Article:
A closer look at Oregon’s plans for a ‘bike pod’ network

A closer look at Oregon’s plans for a ‘bike pod’ network

A mockup of one of 12 “Deluxe Overnight Bike Pods” Oregon State Parks wants to build across the state.

Looking to take bicycle tourism to the next level — and to solidify the direct connection between bicycling and economic development — Oregon State Parks wants to create a network of covered bike facilities they say will “redefine the cycling experience.” The Oregon Parks and Recreation Department (OPRD) call these facilities “bike pods” and “bike hubs” and if all goes according to plan there will eventually be 19 of them throughout the state, with the first one set for construction this summer.

We first reported on the “Bike Pods of Oregon” project a few weeks ago after OPRD submitted a grant application to ODOT’s Connect Oregon program. OPRD is hoping to secure $348,000 from the lottery-backed funding program (the pods project will cost a total of $435,000).

According to the application (PDF), there will be two types of facilities: bike pods and bike hubs. Here’s how they describe each one:

“The deluxe overnight ‘Bike Pods’ will be constructed to serve the long distance touring cyclist, while the day use ‘Bike Hubs’ will be constructed to best serve the needs of the day use cyclist whether for recreation or cycling.”

And here’s what they’ll look like:

The “deluxe overnight pod”.

The “basic overnight pod”.

The “day use bike hub”.

And they even thought of food storage:

A map included in OPRD’s grant application shows plans for 12 deluxe bike pods and 7 basic bike hubs:

Map of bike pods and bike hubs. Note how OPRD will place them on Oregon’s premier routes like the Oregon Coast, the Historic Columbia River Highway, the Old West Scenic Bikeway/TransAmerica Trail, the Willamette Valley Scenic Bikeway and the Banks-Vernonia Trail.(Click to enlarge)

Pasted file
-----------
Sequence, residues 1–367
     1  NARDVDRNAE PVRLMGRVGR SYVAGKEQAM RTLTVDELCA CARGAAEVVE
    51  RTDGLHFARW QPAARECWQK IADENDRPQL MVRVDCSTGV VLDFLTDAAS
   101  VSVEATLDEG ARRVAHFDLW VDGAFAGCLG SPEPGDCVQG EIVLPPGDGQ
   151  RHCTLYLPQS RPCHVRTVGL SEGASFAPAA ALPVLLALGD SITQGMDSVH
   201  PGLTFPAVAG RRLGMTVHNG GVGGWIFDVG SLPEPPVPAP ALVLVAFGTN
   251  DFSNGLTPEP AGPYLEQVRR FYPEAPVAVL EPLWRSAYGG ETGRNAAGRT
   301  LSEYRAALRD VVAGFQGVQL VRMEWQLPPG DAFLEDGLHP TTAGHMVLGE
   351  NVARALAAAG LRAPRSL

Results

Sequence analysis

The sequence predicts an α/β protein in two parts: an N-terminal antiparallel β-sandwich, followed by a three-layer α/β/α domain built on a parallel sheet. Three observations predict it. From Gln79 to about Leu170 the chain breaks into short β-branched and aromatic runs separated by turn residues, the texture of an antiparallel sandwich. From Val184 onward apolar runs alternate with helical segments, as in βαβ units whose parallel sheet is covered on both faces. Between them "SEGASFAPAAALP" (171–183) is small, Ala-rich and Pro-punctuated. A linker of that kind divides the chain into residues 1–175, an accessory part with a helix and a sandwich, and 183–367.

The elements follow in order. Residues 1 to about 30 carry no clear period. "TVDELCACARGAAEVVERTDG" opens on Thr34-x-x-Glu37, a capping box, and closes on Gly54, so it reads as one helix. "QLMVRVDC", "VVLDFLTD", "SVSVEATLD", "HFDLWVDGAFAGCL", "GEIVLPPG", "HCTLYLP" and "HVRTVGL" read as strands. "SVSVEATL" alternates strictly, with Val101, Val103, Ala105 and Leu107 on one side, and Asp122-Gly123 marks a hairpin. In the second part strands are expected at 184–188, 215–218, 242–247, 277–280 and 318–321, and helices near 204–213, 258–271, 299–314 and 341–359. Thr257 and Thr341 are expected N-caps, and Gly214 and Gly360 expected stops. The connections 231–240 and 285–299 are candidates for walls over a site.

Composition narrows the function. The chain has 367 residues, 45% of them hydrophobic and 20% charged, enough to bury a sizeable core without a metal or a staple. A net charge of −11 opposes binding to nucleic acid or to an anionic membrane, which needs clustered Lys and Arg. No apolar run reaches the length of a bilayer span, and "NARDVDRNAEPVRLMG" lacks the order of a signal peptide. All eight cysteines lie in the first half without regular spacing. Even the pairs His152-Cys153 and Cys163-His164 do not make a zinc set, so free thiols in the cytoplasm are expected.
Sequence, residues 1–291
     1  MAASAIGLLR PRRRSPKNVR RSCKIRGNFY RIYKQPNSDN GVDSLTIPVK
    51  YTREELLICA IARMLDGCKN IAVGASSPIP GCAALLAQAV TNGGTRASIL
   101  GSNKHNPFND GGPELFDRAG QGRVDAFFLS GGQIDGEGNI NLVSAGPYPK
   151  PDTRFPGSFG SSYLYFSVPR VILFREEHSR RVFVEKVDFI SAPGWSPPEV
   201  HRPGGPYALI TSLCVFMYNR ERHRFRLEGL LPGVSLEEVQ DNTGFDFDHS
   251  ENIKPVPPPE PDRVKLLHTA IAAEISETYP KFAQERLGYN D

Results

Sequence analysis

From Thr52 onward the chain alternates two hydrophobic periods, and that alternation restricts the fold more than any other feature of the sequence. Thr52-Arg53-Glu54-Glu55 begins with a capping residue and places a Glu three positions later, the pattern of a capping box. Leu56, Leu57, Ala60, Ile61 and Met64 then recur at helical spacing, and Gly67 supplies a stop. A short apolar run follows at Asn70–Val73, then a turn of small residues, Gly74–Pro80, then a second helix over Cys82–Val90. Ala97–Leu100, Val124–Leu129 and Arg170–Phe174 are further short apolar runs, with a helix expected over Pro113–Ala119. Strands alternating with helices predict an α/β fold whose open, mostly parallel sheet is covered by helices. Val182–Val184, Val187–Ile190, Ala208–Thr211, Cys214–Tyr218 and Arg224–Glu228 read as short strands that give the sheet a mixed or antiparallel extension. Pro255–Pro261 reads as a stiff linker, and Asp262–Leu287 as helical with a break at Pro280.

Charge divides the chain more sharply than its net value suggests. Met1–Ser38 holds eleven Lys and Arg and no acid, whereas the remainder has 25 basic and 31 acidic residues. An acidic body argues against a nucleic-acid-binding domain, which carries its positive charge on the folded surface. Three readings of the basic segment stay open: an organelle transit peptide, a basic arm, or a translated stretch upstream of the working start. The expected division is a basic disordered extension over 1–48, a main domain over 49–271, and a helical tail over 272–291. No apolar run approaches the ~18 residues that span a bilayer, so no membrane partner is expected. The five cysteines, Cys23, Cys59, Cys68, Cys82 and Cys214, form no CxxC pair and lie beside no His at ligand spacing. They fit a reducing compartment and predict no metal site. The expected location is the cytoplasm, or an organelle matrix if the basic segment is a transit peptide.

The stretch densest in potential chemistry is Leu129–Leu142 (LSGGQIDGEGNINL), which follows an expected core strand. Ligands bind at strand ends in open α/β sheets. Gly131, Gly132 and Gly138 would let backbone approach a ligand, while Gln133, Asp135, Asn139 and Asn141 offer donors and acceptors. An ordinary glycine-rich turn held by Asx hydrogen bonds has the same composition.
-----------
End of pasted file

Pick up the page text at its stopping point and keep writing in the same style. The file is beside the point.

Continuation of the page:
The City of Mosier has been a leader in supporting this effort and they appear to be the first city that will receive on the hubs. They’ve already budgeted for its repair and maintenance in their 2014 budget. A pod at Champoeg State Park is also in advance planning stages.

OPRD says these plans are key to meeting the growing demands of State Parks users who arrive by bicycle. In 2011, an OPRD survey found that 10,221 people used their “hiker-biker” campsites. That number jumped to 11,186 in 2012 and OPRD is preparing for an estimated jump to 20,000 users by 2017.

“This project will cater to the growing number of cycle tourists of various physical abilities in Oregon and bolster local communities’ economies via introducing cycle tourists to their towns.”
— OPRD grant application

Throughout their application they make a strong case that the rise in bicycle tourism across the state is an important economic engine for both the parks and the communities around them. A recent survey by Travel Oregon showed that bike-related tourism accounts for $400 million of our state’s $9 billion tourism industry.

“Additional amenities are essential,” says OPRD, “for improving cyclists’ experiences on Oregon’s roads and trails and to capture the attention of the 43 million Americans who participate in cycling as a form of recreation or travel… ‘Bike Pods of Oregon’ provides a critical link to this sustainable sector of Oregon’s economy”

Oregon sees this program as a way to prop up small towns where the economy needs a boost while remaining competitive as a leader in bicycle tourism. From the application: “Recreational Cycling is part of Oregon’s growing tourism industry, an opportunity for struggling communities to capitalize on their locations near stunningly beautiful scenery and public lands.”

As you can see in the design mockups, the pods and hubs offer services like bike repair stands, water refill stations, electrical outlets, shelter from the elements, maps, food protection and secure gear lockers. The thinking is, if people (and their stuff) are more comfortable, they’ll be more likely to stay in a community longer and ultimately will spend more money and be more likely to tour by bike again.

OPRD’s application includes letters of support from Thunder Island Brewing Company (in Cascade Locks) the City of Mosier, the Wasco County Board of Commissioners, a Tillamook County Commissioner, ODOT’s Historic Columbia River Highway Advisory Committee, and Cycle Oregon.

Stay tuned: We’ll let you if they win this grant.

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